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‘Precipitous’ drop in new investment in UK’s car industry

Juke line at Nissan Sunderland
Production line at Nissan’s Sunderland plant in the UK.

According to the Society for Motor Manufacturers and Traders (SMMT), there’s been a ‘precipitous’ decline in new investment in Britain’s car industry in the first half of the year.

The SMMT said investment plummeted to £90 million in the first six months of 2019, down from £347 million in the first six months of last year.

Car production also declined in the first half of this year. A total of 666,521 new cars rolled off production lines in the first six months of 2019, down from 834,573 during the same six month period in 2018.

The drop in production is largely because of a waning demand in key markets, and worsened by factory shutdowns ahead of the original March deadline for Brexit.

The investment and production figures comes after an announcement by Jaguar Land Rover earlier this month in which the automaker committed to investing hundreds of millions of pounds in the UK to prepare its Castle Bromwich plant to build electric cars.

However, the SMMT said that while the announcement by Jaguar Land Rover was “exceptionally good news,” it was also “something of an outlier” given that many automakers have suspended product and plant spending in the UK.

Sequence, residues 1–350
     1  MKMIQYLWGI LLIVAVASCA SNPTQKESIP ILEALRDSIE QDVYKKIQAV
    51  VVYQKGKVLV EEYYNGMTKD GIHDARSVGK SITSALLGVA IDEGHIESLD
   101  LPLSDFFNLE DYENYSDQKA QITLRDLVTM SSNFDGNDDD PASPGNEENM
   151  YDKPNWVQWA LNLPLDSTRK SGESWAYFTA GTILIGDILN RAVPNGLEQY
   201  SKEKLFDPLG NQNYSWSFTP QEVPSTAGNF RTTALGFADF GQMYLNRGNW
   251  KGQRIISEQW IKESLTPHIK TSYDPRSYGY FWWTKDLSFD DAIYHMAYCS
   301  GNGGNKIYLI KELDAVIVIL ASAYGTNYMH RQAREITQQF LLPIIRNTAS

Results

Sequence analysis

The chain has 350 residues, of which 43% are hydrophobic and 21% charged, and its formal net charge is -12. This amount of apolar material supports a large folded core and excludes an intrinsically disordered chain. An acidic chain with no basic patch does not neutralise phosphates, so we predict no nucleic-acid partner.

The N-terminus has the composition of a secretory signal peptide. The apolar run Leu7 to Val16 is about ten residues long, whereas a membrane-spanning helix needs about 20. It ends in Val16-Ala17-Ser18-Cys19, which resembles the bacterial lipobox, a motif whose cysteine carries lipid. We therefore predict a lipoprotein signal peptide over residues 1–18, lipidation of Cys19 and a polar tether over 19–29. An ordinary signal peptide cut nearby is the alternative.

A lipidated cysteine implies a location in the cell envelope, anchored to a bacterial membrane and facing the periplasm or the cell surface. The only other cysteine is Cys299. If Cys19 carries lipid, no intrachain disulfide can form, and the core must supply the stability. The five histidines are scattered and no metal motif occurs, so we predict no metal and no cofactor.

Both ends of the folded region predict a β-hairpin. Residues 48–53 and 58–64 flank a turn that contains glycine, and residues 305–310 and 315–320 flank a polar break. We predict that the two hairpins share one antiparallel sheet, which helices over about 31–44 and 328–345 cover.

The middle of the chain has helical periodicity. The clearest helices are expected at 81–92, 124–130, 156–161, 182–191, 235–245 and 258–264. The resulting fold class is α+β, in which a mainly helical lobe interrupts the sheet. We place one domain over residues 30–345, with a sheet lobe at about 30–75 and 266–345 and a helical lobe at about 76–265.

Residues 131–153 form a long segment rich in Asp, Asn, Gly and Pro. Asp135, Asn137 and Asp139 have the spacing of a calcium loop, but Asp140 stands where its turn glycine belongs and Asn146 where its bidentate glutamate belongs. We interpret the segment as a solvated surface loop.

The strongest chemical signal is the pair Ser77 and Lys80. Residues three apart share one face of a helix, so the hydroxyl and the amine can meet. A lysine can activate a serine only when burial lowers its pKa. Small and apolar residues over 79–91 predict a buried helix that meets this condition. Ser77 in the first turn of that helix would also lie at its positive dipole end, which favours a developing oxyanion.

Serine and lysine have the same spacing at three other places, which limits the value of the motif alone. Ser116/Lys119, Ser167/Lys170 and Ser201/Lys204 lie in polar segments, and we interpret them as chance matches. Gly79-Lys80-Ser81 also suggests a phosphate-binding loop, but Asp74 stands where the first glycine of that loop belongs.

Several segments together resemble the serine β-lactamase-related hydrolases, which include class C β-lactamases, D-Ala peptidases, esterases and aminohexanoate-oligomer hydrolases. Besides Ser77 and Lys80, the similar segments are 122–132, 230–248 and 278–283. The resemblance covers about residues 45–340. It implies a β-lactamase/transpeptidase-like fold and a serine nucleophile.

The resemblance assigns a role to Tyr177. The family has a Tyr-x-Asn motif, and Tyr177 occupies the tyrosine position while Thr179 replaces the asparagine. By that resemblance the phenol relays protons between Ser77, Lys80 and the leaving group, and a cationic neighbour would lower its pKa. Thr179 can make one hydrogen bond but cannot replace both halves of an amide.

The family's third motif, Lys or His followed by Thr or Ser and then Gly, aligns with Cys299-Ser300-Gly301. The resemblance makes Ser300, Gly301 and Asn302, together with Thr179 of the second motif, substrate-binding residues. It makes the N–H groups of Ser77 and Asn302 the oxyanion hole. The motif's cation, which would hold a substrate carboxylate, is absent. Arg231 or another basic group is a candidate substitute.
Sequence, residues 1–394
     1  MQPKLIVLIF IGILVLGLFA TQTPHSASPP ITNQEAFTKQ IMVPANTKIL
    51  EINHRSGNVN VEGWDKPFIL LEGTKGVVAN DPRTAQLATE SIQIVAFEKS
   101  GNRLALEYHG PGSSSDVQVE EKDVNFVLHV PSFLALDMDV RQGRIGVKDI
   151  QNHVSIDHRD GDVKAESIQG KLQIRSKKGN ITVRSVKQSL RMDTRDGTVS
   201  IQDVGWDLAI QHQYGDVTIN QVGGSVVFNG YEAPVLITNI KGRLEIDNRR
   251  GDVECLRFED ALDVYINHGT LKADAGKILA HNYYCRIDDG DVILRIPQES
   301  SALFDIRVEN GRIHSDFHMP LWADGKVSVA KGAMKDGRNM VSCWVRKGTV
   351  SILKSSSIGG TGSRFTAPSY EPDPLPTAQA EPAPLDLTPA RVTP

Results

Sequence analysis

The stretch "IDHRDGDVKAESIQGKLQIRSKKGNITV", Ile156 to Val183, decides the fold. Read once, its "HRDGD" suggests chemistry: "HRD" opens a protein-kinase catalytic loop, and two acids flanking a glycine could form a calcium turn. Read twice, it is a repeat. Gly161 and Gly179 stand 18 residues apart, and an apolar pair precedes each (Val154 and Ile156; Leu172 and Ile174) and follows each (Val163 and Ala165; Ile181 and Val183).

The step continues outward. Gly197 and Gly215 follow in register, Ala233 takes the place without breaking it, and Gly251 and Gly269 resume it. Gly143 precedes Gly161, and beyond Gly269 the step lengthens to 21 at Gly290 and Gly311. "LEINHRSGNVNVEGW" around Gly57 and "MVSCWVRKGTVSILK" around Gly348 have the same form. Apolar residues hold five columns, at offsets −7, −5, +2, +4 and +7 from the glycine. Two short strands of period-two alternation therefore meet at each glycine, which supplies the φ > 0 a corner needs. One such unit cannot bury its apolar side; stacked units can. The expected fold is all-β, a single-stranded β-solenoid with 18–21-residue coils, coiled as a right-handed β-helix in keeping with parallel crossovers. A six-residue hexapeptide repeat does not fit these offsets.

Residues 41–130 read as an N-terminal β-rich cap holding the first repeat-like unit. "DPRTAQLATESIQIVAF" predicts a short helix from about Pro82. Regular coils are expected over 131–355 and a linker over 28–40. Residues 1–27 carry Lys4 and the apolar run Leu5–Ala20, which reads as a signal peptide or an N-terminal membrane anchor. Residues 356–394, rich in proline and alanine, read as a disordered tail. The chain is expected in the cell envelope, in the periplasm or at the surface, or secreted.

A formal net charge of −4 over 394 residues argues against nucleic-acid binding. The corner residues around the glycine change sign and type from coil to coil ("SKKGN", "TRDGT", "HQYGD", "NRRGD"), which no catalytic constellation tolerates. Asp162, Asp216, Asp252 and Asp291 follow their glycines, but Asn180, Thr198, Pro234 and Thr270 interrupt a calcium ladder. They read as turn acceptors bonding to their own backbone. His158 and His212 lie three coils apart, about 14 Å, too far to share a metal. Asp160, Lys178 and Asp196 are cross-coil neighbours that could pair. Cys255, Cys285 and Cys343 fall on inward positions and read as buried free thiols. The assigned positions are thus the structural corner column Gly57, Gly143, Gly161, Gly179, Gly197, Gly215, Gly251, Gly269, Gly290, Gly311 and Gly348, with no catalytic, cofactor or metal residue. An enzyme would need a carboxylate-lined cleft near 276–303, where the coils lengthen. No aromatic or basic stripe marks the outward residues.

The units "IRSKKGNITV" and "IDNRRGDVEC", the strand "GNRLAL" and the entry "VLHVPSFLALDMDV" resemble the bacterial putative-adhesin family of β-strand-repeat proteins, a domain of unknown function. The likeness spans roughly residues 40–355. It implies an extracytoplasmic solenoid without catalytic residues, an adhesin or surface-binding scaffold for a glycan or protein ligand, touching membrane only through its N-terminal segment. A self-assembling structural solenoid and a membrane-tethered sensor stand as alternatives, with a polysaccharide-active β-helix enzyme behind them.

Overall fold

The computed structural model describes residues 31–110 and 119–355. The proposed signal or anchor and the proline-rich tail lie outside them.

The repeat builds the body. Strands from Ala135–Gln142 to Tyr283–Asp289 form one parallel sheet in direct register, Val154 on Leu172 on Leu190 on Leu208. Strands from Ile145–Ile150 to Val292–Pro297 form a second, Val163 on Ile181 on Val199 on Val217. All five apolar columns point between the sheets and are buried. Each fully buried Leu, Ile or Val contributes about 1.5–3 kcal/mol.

SMMT chief executive Mike Hawes said that the decline in investment is linked to fears about Britain the future of the UK’s cross-border trade if it leaves the EU without a deal.



Mike Hawes, SMMT Chief Executive, said:

“Today’s figures are the result of global instability compounded by ongoing fear of ‘no deal’. This fear is causing investment to stall, as hundreds of millions of pounds are diverted to Brexit cliff-edge mitigation – money that would be better spent tackling technological and environmental challenges.

“The industry’s foundations are fundamentally strong, however, and we’re ready to work with the new government to build on these through the industrial strategy.

“We need an internationally competitive business environment to encourage more investment, more innovation and more growth. That starts with an ambitious Brexit deal that maintains frictionless trade and we look to the new administration to get a deal done quickly so manufacturers can get back to the business of building cars and helping deliver a brighter future for Britain.”